A consortium of knowledge institutions and public stakeholders, led by UvA physicist Auke Pieter Colijn, was awarded a 1.1 million euro NWA-ORC grant to study so-called ‘relic neutrinos’ that came into existence in the very first second after the Big Bang.
Every second Earth is bombarded with an enormous number of neutrinos from the cosmos. These neutrinos were created in the primordial soup one second after the Big Bang, but they have never been observed. In the proposed research, the consortium will develop an experiment to observe these relic neutrinos by investigating the decay of heavy-hydrogen tritium. The proposed project is called PTOLEMY, and is a new method to measure such low-energy particles. This is particularly difficult because neutrinos hardly interact with ordinary matter, such as a detector. If this is possible with the proposed detector, it will be a groundbreaking result.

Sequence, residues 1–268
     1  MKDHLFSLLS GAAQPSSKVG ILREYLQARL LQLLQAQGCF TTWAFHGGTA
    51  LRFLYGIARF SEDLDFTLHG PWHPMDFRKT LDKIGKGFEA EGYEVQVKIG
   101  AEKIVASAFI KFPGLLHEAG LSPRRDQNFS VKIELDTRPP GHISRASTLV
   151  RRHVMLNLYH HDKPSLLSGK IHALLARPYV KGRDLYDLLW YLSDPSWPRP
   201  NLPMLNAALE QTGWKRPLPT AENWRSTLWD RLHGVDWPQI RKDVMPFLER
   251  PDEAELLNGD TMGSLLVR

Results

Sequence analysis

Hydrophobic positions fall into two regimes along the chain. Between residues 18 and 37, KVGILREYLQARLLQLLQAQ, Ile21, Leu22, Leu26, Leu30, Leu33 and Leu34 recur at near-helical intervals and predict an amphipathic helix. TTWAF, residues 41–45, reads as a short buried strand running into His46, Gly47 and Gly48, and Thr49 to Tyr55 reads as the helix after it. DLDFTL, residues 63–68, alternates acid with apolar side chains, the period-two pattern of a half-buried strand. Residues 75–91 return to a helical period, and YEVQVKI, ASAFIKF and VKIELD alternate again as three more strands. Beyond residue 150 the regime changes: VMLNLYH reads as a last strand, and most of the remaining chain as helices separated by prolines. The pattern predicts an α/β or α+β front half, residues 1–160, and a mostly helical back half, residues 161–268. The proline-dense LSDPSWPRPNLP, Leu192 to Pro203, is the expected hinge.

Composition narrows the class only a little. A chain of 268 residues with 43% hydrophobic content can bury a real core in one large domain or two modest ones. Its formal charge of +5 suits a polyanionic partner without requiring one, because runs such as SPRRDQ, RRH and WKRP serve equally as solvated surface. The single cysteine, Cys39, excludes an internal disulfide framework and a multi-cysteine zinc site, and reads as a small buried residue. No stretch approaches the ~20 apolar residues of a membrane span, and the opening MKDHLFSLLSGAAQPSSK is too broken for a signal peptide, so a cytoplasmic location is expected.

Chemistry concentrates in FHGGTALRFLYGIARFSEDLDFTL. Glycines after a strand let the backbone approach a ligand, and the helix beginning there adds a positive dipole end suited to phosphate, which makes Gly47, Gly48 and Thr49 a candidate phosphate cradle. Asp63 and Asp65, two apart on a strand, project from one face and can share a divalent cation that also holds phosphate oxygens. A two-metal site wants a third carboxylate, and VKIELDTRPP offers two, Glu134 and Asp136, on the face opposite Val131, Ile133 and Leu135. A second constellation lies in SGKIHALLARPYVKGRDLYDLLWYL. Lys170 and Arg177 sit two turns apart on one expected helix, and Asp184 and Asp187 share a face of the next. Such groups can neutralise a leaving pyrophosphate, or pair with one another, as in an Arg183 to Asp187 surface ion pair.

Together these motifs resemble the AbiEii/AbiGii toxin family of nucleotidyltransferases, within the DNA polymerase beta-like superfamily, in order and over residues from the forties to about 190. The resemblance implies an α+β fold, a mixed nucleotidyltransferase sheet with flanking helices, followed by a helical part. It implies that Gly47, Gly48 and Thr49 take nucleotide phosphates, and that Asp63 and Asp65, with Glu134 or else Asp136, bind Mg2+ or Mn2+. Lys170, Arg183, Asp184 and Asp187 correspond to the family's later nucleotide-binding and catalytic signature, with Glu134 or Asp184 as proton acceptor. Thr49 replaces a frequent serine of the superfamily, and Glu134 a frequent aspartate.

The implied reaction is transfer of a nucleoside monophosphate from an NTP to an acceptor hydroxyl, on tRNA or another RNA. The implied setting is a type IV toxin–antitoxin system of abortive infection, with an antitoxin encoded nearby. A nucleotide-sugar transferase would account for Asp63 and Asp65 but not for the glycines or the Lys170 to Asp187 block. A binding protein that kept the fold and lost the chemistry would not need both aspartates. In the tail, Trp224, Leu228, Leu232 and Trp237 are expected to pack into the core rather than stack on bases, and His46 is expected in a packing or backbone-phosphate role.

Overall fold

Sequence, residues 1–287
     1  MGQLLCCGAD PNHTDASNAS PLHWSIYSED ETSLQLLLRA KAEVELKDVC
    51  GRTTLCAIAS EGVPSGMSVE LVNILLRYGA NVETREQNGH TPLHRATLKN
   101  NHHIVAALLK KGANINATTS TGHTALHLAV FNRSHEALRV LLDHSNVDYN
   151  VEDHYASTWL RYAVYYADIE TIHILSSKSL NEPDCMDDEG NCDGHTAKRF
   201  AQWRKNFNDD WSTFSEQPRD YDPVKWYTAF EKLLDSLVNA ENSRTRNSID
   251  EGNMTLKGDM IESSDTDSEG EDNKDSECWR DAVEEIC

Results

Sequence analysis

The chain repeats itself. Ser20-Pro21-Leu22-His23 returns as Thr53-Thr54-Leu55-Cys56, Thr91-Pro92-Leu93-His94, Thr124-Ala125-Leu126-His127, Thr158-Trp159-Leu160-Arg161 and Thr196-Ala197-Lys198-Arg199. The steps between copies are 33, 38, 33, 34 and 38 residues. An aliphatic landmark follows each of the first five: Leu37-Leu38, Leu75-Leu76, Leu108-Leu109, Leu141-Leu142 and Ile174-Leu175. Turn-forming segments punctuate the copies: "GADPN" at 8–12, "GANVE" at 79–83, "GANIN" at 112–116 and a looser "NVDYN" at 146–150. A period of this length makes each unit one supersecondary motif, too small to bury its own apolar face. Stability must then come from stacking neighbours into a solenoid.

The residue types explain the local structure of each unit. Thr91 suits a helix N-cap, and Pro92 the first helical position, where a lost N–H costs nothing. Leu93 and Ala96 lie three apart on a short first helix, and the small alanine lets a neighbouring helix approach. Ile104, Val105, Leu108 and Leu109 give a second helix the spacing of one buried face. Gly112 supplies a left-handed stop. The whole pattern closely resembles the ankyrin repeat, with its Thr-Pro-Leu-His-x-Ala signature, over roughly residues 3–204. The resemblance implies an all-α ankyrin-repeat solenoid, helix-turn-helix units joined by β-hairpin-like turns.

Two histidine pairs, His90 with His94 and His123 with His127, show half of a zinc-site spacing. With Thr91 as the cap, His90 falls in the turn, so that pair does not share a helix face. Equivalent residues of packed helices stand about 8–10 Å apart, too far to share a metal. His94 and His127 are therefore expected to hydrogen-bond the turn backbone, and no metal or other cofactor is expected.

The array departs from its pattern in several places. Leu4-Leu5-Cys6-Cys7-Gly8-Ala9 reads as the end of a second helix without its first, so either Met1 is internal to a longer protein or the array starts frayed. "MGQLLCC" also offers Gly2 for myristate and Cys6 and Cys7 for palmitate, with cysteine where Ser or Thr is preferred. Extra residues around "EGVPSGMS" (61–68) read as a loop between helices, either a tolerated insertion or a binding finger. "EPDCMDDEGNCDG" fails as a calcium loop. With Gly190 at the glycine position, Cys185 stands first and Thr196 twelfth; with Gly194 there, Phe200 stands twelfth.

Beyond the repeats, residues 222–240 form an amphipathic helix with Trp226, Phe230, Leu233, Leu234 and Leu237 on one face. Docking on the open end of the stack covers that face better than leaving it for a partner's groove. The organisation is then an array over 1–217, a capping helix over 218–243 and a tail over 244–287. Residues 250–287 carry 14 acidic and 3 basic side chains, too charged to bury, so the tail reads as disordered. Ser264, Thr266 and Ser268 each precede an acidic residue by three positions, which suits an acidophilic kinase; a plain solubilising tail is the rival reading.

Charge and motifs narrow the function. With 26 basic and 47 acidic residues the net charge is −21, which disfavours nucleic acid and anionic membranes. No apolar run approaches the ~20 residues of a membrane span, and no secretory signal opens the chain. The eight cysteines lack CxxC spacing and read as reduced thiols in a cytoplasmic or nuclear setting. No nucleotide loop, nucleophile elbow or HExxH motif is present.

Besides the University of Amsterdam, the consortium, for which Auke Pieter Colijn is the coordinator and which also involves UvA physicist Shin’ichiro Ando, consists of the Radboud Universiteit, De Haagse Hogeschool (The Hague University of Applied Sciences), TNO, the Princeton Physics Department, the Laboratorio Nazionale di Gran Sasso (LNGS), the Netherlands’ Physical Society (NNV), Ampulz, and the Karlsruhe Institute of Technology (KIT).